Two weeks ago in my prose Creative Writing class, we read and discussed Bret Lott’s essay, “A Home, a House: On Writing and Rejection,” from Before We Get Started: A Practical Memoir of the Writer’s Life. In the essay, Lott explores the relationship between the writing life and the publishing life, using the analogy of a lean-to in the woods for the writing space and a house built from rejections (and acceptances). He calculates, as of August 2004, that he has received 597 rejections (for stories and essay alone–not his books). This figure (understandably) startled my students.
As I visual aid, I brought my binder of rejections (those that I saved) beginning in 2003 and running through 2009, when I stopped saving them. The binder also contains my earliest acceptances, including my first post-MFA acceptance: a poem in The Chaffin Journal. I told my students how I had danced around my apartment, how Amy and I had celebrated by going out to eat at some fast-food place in Southeast Portland. Using the classroom projector, I displayed my Submittable account, showing them first the number of rejections, and then the acceptances. My disclosures added an up-close example of several of Lott’s points.
By my rough estimate, in 12 years I’ve sent out close to 500 submissions. As my website’s publications section attests, some fellow editors have decided to publish my poems, stories, essays, and reviews. I’m proud of each item on that list, not embarrassed by any of them, and I take great satisfaction in the places where some of these works were published.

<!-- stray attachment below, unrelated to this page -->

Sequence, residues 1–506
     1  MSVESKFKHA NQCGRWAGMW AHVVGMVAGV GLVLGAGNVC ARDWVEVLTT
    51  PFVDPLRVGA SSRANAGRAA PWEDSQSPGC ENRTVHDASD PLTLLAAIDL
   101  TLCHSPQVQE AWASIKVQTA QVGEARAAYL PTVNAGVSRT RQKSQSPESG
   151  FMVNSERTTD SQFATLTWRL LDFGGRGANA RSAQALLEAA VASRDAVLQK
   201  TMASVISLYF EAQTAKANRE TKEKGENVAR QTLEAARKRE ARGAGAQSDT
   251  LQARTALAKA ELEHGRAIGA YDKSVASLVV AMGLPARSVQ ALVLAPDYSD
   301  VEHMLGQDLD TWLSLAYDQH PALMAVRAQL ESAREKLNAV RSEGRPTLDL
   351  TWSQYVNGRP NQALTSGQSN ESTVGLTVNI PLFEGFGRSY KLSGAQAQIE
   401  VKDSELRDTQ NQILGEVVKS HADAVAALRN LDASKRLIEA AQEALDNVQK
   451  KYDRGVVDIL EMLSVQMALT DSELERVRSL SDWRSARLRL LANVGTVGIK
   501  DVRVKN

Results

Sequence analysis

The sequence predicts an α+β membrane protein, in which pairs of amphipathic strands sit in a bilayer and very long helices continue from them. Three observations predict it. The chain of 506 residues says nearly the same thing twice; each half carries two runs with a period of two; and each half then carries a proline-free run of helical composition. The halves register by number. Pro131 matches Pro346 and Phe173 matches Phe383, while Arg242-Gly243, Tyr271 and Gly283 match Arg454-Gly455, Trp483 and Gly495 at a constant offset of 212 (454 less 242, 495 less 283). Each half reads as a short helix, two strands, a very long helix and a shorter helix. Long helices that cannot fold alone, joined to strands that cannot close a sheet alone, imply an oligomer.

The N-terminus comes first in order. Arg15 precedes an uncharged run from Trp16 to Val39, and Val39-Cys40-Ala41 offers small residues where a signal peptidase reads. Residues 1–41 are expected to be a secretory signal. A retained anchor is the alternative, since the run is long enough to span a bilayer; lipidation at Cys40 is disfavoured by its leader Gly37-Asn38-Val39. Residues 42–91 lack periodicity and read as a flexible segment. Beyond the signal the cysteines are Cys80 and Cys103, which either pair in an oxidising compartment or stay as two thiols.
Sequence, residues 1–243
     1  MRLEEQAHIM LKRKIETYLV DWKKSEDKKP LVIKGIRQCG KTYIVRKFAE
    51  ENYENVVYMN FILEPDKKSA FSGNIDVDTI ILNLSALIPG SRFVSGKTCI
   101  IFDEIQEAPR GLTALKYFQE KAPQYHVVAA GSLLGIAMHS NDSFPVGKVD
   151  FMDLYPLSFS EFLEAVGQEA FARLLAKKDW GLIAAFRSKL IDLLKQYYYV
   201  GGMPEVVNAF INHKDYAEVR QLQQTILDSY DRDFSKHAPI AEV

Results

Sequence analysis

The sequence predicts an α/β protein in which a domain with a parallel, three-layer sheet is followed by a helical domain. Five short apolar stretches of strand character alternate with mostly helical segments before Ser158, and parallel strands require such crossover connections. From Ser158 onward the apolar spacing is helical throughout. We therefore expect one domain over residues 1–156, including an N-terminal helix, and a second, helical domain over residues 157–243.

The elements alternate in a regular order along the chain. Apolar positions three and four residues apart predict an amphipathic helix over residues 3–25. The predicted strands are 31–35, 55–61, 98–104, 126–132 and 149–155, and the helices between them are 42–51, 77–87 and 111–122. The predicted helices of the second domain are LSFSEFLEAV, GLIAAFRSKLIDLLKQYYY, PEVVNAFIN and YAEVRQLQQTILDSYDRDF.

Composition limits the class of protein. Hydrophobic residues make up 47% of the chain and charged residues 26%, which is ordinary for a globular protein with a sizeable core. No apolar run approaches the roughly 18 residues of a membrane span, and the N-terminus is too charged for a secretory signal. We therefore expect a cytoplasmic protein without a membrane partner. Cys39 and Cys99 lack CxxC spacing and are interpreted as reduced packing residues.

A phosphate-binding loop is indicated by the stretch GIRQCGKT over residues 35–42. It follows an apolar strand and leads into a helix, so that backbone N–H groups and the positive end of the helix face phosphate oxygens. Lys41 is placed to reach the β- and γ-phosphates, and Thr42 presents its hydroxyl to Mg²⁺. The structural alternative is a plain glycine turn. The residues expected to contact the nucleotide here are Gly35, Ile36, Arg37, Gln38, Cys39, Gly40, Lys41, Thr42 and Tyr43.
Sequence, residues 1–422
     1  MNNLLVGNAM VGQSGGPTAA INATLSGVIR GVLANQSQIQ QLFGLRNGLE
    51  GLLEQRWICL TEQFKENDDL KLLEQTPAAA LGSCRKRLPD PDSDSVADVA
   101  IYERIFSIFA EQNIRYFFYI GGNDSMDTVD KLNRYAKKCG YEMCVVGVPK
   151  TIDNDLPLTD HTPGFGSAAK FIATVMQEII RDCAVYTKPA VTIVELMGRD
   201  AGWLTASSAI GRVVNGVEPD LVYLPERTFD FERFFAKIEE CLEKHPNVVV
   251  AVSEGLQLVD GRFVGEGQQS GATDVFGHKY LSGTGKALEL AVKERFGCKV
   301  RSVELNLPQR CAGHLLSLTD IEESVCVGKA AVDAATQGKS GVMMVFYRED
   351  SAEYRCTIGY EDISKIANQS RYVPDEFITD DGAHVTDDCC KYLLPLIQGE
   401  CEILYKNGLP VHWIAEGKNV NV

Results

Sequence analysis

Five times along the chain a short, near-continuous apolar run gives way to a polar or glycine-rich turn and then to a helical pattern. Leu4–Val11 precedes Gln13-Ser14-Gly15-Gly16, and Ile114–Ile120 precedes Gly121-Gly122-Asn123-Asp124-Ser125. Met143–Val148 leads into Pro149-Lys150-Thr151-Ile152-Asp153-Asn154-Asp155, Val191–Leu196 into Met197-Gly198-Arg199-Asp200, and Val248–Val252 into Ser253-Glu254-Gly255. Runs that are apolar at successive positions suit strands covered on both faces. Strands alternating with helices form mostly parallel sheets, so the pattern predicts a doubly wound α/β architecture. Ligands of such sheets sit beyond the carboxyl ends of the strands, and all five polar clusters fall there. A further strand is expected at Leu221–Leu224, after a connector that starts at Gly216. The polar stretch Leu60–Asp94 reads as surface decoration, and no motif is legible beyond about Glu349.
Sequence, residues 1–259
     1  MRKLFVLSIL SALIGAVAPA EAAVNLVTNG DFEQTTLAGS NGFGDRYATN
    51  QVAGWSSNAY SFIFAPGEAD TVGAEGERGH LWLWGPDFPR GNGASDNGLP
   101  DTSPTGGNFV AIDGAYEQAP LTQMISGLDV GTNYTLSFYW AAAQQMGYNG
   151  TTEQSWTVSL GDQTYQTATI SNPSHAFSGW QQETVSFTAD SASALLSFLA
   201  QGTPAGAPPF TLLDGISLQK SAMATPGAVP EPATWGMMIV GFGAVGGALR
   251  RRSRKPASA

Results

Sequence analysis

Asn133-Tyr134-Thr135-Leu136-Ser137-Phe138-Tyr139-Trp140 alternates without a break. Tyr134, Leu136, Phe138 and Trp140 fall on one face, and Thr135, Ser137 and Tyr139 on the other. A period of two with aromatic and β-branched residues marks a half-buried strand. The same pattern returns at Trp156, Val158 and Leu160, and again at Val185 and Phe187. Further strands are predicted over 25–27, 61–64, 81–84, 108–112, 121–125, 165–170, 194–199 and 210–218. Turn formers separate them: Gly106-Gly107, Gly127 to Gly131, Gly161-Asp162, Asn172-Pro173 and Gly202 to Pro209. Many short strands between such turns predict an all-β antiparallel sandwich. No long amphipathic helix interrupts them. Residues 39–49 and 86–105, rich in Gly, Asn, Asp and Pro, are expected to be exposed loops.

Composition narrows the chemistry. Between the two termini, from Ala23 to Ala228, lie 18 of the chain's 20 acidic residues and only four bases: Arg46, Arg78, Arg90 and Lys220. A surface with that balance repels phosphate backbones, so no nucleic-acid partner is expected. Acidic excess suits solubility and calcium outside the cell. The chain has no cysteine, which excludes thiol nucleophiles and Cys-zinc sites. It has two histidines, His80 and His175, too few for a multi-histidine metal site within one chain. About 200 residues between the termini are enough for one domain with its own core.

Lott reminds writers that they “will be rejected,” and he suggests that writers need to view the submission element of writing as a “business transaction.” I understand both ends of the “business transaction” element of submissions: as a writer, and as an editor. Since I became editor of Windhover in 2012, my own comfort level with being rejected has increased. This isn’t to suggest that I enjoy rejection but only that I understand and “accept” the dynamics: I don’t take rejection personally. I reexamine the work (perhaps), and then send the piece (or pieces) out again.
In the closing section of the essay, Lott reminds writers that the real joy, the real delight is in the creation of (and reworking of) the pieces themselves. I agree. Probably because I hold on to that exhortation, I find that the submission process (the rejections, the acceptances, the unanswered submissions, the lost submissions) doesn’t wildly raise or drop my emotional barometer as it once used to. Perhaps as Solomon wrote in Ecclesiastes in that famous passage, we might add that there is time for publication, a time for rejection.